Charles Caldwell McCabe

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Charles Caldwell McCabe (October 11, 1836, Athens, Ohio-December 20, 1906, New York, NY), also known as "Bishop" C. C. McCabe and Chaplain C. C. McCabe, was credited by Julia Ward Howe [1] as having popularized her famous piece, The Battle Hymn of the Republic after his imprisonment as a prisoner of war by the Confederates in Libby Prison during the Civil War.


McCabe's career was built on his charisma as a popular and entertaining speaker and a singer whose rich baritone and sparkling manner charmed both Christians and non-Christians alike. He was very successful as a missionary and a fund raiser for the Methodist church, as reported in the biography of him, created by his family after his death.

During his youth while studying at Ohio Wesleyan University in Delaware, Ohio, he courted an heiress Mary Monnett who ended her relationship with him without explanation. Only years later did he learn that she had been advised by a local leading minister that her wealth would tarnish the reputation of young McCabe, who clearly was destined for greatness with his forceful, joyful manner, good looks and sanctified air. Monnett eventually went insane and McCabe encountered her in an insane asylum and learned, after all those years, the reason she had jilted him. By that time each had married others.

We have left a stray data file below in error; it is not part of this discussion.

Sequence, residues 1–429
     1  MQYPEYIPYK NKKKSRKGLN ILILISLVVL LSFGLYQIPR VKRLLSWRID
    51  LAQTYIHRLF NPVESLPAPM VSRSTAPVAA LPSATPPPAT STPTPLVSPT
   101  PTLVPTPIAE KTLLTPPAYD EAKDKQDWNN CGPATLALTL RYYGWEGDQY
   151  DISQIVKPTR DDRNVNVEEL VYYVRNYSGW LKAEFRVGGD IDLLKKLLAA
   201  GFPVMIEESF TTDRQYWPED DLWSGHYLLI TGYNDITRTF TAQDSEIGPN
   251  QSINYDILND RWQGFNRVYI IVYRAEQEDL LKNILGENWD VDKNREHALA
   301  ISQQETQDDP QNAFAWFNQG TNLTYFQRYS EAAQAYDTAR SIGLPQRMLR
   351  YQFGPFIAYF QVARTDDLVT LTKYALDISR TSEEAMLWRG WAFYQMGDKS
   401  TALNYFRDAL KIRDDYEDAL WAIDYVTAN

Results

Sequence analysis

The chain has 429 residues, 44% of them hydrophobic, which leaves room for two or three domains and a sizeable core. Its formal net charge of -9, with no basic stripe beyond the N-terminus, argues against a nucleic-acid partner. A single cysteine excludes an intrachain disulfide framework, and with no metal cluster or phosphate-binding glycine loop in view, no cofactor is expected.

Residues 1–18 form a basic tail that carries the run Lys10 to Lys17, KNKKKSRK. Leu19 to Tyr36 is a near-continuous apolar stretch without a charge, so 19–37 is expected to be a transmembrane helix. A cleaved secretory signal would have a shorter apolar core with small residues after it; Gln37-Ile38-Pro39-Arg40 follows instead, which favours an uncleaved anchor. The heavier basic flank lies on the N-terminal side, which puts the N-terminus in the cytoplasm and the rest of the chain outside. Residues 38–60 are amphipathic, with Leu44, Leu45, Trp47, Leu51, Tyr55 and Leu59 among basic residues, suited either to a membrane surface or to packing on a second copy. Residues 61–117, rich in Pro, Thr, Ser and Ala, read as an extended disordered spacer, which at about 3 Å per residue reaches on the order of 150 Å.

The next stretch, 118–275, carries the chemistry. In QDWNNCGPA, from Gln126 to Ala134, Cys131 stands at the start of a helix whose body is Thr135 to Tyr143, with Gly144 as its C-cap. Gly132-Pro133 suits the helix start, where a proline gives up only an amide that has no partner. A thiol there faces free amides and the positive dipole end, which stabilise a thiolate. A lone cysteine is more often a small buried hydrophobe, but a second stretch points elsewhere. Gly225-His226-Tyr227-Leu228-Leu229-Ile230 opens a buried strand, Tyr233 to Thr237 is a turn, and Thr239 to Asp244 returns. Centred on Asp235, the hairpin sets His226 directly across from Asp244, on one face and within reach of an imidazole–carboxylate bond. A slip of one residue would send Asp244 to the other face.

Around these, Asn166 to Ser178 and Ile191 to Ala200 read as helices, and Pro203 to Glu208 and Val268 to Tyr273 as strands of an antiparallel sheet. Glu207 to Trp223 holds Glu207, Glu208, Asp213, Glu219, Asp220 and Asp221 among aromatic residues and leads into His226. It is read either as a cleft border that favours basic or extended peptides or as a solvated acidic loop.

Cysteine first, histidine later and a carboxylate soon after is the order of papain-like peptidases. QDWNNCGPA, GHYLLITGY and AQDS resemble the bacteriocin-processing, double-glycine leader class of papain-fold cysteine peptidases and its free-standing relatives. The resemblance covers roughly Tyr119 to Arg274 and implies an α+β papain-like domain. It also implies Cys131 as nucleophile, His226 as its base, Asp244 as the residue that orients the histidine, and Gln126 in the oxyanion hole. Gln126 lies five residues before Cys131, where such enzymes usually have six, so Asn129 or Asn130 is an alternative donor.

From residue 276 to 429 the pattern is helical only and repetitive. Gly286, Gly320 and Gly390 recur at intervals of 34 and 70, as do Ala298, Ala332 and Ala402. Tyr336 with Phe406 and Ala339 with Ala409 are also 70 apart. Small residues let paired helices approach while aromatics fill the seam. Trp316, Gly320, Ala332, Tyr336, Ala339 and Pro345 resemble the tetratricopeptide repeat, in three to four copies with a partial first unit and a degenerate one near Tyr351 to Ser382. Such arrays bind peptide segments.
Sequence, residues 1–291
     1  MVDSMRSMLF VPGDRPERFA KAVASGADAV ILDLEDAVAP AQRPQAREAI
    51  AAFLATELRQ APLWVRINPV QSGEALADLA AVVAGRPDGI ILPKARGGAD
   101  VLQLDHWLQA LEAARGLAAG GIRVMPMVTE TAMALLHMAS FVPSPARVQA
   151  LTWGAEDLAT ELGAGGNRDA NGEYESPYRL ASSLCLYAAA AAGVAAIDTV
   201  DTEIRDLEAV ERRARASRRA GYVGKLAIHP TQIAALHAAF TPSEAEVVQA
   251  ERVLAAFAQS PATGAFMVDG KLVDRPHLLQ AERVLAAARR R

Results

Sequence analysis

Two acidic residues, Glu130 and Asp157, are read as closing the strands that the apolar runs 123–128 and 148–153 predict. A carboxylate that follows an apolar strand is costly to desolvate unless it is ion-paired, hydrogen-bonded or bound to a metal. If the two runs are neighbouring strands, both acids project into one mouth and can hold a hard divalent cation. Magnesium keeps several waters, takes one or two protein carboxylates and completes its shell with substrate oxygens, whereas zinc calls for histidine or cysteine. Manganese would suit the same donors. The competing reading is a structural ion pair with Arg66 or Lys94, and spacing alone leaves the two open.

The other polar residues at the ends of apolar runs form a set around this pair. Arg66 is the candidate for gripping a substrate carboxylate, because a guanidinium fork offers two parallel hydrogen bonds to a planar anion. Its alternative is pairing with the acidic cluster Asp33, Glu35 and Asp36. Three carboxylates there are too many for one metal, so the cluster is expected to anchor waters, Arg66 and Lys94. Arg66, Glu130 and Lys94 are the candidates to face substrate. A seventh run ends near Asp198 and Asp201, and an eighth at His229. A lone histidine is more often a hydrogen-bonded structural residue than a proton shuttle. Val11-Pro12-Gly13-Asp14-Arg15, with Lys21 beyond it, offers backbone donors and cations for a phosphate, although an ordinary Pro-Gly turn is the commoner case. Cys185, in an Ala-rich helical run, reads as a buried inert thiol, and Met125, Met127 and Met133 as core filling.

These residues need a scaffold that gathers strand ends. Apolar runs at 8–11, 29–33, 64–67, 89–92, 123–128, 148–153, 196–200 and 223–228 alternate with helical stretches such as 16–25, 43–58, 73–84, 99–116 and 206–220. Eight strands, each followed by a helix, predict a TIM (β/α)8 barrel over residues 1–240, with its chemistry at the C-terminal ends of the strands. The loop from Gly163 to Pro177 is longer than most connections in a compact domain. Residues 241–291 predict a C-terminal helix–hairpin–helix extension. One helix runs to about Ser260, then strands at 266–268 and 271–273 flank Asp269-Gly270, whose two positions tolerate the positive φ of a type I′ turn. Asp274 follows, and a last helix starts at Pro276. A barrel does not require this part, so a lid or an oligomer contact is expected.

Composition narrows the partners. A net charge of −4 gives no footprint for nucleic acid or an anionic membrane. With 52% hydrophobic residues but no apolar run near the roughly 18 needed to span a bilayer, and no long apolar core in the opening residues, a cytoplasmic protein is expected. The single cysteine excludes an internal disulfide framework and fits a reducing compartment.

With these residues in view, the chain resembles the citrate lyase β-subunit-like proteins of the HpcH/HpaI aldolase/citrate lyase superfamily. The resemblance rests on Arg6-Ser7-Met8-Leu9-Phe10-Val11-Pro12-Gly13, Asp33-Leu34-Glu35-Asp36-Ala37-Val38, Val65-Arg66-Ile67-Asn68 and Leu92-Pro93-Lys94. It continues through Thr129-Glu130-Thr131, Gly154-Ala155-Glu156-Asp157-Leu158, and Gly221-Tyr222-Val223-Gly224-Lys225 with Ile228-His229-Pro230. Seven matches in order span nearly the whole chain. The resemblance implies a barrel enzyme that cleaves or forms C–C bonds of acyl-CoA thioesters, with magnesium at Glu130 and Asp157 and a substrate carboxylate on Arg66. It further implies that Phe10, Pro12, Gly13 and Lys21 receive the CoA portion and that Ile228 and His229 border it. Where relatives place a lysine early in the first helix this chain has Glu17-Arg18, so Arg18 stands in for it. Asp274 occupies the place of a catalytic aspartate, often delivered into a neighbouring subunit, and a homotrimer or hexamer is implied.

McCabe learned about the Battle Hymn of the Republic, according to his biography, when a newspaper was slipped through the bars of the Civil War prison where he and others were being held. Nineteenth-century newspapers featured poems and other art forms, including the lyrics to songs. Along with the lyrics to this newly written song was a notation telling readers it should be sung to the tune of "John Brown's Body Lies A-Mouldering In His Grave." McCabe liked the song, sang it, and taught it to his fellow prisoners—doctors, lawyers and other professionals—to pass the time in prison. Soon afterward, when the war was over, McCabe included the singing of this song with an ever-changing motivational talk he gave about the Bright Side of life at Libby Prison, where he joked about the vermin that crawled over them at night and made clever remarks about the lawyers who weren't such bad guys if you had to be in a prison with them. McCabe himself nearly died in prison due to the unsanitary conditions, suffering from chills and fever from the illness he contracted there, but, using black humor, joked during his talks about the treatment of himself and other prisoners.